Monday 5 August 2013

Interview with Jayne Jaudon Ferrer


Jayne Jaudon Ferrer is the author of five books and the founder, host, and editor of An award-winning copywriter and freelance journalist earlier in her writing career, Ferrer lives in Greenville, South Carolina. Learn more about her at,, and /or

4 Fundamental Questions for Editor Jayne Jaudon Ferrer

1. What are the most important or interesting things that you have learned about poetry writing/
publishing as a poetry editor?

I’ve discovered that my frame of mind impacts my reaction to a poem, thus I’ve learned to read submissions multiple times, at varying times of day and night. I’ve also learned that many people do not read the guidelines before submitting.

2. Many people say poetry is dying. Do you agree or disagree with this statement, and why?

I totally disagree. People have said for years that poetry is dying but, like art and music, it never will. Humans have an inherent need to communicate, connect, and share our life experiences; poetry is our attempt to do that through words. The forms that poetry takes may change, but the genre itself will survive as long as the human species—and who knows? Robots might take poetry to a whole new level!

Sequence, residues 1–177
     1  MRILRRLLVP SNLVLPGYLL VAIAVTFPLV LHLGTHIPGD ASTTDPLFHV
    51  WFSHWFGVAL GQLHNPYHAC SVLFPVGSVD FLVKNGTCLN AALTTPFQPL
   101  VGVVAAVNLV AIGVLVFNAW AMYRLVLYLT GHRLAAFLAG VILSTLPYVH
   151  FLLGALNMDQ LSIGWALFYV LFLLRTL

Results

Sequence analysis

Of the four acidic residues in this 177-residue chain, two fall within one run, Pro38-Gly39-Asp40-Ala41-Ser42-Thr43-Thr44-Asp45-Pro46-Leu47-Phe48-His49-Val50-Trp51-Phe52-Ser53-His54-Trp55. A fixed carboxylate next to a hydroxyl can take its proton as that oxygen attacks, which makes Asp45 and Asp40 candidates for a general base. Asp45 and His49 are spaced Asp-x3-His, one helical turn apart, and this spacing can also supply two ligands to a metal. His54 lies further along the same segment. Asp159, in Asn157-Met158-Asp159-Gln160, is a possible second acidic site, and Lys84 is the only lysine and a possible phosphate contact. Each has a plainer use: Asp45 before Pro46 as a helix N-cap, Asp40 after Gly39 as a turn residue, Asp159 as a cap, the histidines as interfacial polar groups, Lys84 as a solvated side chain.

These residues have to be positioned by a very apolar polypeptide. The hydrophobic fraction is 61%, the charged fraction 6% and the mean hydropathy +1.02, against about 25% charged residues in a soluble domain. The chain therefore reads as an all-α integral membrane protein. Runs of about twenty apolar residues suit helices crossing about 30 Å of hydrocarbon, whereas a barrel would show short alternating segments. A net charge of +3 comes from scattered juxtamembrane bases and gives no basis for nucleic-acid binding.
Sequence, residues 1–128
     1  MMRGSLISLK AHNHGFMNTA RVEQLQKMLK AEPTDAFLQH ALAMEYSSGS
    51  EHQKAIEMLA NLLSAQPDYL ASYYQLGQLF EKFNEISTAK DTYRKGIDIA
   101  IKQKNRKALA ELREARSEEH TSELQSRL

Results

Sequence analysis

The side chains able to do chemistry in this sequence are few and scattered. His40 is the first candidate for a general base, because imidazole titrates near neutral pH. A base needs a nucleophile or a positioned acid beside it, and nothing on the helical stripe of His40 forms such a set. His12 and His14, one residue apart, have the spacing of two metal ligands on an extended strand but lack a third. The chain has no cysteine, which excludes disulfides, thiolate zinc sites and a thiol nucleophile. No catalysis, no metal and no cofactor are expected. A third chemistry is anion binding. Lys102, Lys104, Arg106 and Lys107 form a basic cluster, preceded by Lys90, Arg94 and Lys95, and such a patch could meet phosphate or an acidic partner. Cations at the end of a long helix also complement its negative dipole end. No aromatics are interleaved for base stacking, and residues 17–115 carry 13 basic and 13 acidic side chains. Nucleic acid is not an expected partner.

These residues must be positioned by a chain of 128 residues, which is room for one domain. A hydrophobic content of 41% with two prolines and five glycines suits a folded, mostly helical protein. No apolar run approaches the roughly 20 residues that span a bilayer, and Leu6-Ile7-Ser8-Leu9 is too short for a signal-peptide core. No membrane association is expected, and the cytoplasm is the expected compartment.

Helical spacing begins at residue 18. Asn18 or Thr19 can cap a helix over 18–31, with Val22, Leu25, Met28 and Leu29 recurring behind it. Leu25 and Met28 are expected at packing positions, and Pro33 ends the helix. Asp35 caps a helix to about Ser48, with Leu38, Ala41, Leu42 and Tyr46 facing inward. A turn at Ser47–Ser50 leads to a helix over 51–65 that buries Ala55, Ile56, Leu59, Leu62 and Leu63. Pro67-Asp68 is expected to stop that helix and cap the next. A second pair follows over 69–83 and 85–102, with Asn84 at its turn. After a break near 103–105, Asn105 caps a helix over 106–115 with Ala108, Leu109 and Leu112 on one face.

3. What defining features do you think ‘best’ poetry should possess? In other words, what is your personal or working definition of ‘best’ poetry?

Well, I consider “good” poetry to be that which uses words well and causes some degree of emotional reaction in the reader, so I suppose that means the “best” poetry does that at a really high level. The “best” poetry is honest and unpretentious, resonates with every reader in some way, and leaves us breathless, in tears, or smiling.

4. What is the most or least enjoyable part of being a poetry editor?

The least enjoyable part is wading through poems that are not remotely appropriate for my venue, but that is completely eclipsed by the joy of reading all those that are. You might think everything that could ever be said about autumn leaves or a spring morning has been, and then here comes some fresh, new take that literally brings tears to your eyes or makes you laugh out loud. I also get tremendous satisfaction when people who, after avoiding poetry for years, encounter a poem through Your Daily Poem that they like so much they’re impelled to write and tell me about it.

No comments:

Post a Comment